Tuesday, May 12, 2009

Poetry. An Elegy Poem. Goodbye, Puppy Love

One way to kick start creativity is to do something different. If I find myself getting blocked or frustrated with my fiction writing or if the editing process starts to get me down, I will stop what I’m doing and research a form of poetry that I have never written.

I thought I would take a break from my gems series and share my latest attempt at poetry. The elegy form caught my eye and I decided to give it a try.

An elegy (not to be confused with eulogy) is a poem of mourning. The subject can be a person, thing or idea that has been lost to the poet somehow. It consists of three parts. Grief and sorrow, praise and admiration, and consolation and solace. Stanzas are usually four lines of two end rhyming couplets. I chose to write my poem with ten syllable lines and one stanza for each part.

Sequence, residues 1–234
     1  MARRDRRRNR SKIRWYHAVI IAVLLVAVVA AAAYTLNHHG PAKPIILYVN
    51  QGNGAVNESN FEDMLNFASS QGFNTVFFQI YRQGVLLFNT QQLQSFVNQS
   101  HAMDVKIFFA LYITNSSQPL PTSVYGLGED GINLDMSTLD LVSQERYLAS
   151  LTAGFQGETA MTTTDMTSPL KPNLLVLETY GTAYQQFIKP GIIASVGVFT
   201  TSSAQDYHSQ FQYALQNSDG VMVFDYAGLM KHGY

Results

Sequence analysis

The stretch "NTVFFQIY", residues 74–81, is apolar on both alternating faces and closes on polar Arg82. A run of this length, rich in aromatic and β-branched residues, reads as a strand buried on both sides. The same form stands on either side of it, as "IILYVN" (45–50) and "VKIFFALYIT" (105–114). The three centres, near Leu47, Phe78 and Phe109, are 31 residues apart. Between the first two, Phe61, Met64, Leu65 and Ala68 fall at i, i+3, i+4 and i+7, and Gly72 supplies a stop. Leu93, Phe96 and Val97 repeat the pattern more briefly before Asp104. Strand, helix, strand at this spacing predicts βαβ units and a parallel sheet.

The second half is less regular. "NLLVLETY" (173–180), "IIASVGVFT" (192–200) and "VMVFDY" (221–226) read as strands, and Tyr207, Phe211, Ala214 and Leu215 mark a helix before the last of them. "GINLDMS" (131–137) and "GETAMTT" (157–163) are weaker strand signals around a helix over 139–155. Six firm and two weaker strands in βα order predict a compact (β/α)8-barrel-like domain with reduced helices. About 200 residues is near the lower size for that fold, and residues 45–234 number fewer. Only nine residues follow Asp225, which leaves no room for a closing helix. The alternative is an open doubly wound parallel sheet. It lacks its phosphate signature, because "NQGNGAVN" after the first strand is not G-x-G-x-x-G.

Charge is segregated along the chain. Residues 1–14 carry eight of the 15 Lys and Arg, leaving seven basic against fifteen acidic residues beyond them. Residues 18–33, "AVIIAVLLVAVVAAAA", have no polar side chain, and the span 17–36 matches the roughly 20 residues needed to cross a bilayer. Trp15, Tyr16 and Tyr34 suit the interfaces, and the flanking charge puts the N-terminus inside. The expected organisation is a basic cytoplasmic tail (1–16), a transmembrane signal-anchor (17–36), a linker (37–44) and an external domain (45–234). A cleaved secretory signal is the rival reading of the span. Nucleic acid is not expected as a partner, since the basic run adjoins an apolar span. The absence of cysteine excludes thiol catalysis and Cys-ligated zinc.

Goodbye, Puppy Love

Sections of me died one hot afternoon.
Shadows held court over me, drenched in gloom.
Forever, life was over in my mind.
I mourned the loss; his love never to find.

Would my heart ever soar to heights so grand,
And passion swell ‘til I could understand?
Would my eyes ever be blinded to faults,
And stomach tie in knots and somersaults?

The pond is tiny and the fish are big.
The bait is still ripe; the worms I must dig.
From the bonds of childhood I have now fled.
Puppy love behind and real life ahead.

If you write poetry, what are some forms that you prefer to use? Do you like poems that rhyme or are you more attracted to non-rhyme?

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